Nasrin attempts to arouse a sense of self recognition or self-respect in black woman. Black and brown women are discriminated on the basis of their color. Their black color was equated with ugliness. But through the words of Benoir, the French lover of Nila, Nasrin tells that black is beautiful. Nila’s inferiority complex of being a black skinned was challenged by the bold response of Benoir, “Are white woman beautiful? They are anemic, see how uncouthly they walk , how harshly they speak” (166). The decolonization of mind on the standards of beauty are well executed by the character of Benoir. Colonialism has created a subservient mindset in the colonized. In order to get liberated, the colonized have to decolonize their minds to resist racial and gender discriminations. Later when Nila finds that Benoir is a man who had physical relation with her just out of lust she uphold her esteem by leaving him. Nila remarks,

I had no self esteem or self confidence and that’s why I came this far for your love. Now you must let me go. I cannot spend the rest of my life in tears. I wont let you have that pleasure at least!you would love to watch the fun, the love and tragic grief of a stupid, silly eastern woman. Finally suicide! No I am not ready for that. (286)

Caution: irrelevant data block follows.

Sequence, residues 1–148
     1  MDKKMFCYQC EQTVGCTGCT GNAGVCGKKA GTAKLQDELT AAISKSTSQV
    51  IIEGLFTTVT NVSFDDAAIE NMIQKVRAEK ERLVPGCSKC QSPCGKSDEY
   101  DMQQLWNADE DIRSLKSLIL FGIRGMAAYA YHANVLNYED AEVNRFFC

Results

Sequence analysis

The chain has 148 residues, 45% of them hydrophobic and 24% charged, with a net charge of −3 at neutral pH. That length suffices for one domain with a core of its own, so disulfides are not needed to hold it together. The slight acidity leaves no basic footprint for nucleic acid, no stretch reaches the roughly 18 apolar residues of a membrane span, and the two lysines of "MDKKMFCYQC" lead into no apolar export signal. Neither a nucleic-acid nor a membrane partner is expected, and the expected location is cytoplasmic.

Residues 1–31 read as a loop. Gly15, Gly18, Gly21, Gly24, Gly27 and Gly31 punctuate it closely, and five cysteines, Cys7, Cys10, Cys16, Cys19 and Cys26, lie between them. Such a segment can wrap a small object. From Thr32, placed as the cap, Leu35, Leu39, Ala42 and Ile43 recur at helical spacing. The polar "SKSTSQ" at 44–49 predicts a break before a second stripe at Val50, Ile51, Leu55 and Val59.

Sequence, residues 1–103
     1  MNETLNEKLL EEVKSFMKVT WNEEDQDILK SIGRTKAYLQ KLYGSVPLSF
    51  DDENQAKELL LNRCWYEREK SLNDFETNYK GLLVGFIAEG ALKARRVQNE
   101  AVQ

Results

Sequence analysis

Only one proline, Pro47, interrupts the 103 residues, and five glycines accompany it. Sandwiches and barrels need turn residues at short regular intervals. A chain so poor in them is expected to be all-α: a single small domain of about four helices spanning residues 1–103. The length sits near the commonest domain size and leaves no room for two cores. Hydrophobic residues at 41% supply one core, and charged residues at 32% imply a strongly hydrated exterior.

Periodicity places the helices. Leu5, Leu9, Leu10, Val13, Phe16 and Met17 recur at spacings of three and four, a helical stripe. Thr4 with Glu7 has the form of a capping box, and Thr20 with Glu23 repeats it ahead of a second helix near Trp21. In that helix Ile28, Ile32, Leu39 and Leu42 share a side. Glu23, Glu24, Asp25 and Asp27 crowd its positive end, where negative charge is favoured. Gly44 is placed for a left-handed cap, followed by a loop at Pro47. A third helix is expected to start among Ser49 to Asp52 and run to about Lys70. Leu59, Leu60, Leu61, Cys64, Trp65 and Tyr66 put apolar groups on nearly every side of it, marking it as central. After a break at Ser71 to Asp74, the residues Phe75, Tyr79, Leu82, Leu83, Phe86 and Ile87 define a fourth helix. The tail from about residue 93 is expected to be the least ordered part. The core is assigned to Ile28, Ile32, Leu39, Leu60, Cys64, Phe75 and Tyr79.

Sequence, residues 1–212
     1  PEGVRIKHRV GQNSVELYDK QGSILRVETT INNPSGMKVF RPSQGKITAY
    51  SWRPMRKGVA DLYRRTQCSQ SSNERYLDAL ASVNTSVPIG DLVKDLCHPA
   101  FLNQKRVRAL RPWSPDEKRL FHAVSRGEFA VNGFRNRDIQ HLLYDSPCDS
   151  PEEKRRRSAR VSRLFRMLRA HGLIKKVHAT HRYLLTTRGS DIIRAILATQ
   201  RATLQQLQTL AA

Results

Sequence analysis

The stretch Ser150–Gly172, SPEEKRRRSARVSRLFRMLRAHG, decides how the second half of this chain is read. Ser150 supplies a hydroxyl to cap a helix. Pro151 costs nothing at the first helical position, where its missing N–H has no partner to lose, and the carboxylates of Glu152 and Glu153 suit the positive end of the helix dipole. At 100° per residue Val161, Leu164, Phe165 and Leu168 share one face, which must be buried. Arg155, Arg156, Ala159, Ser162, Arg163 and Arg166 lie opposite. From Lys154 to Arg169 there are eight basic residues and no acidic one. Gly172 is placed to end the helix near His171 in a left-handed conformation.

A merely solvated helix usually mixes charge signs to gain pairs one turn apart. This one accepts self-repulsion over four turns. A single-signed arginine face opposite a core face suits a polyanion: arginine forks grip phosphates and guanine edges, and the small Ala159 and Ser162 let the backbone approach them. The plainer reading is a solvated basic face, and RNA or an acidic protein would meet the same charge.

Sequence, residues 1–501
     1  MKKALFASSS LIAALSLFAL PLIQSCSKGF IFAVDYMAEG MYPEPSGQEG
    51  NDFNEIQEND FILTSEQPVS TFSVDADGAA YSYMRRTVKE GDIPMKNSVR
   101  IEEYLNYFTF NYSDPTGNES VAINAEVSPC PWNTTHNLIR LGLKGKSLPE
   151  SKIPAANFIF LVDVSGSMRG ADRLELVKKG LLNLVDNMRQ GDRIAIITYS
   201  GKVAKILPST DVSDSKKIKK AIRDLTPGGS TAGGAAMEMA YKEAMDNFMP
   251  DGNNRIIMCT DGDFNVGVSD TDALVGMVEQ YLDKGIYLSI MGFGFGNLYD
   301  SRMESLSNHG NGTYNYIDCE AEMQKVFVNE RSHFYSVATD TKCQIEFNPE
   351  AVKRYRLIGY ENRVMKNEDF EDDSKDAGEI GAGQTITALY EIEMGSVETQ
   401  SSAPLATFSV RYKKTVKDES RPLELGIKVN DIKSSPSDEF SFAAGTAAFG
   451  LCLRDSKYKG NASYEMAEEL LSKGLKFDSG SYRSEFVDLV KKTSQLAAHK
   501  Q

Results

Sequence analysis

French Lover analyses the paradigms of racism and sexism. It demonstrates the power of imaginative work of art to change individual thought and to make readers to rethink on male attitudes and prejudices towards women. It examines the identity of woman in a society which perceives boundaries and assigns stereotypical roles to a gender.

Work Cited

Memmi, Albert. The Coloniser and Colonised. Tr. Howard Greenfield. Orion Press, 1955.
Moi, Toril. Sex, Gender and Body: The Student Edition of What is a Woman?. Oxford University Press, 2005.
Nasrin, Taslima. French Lover. Tr. Sreejata Guha. Penguine Books, 2002.
Osborne, Stella Sandford. Ed. Philosophies of Race and Ethnicity. Continuam, 2002.
Ruth, Sheila. Issues in Feminism. Mayfield Publishing Company, 1995.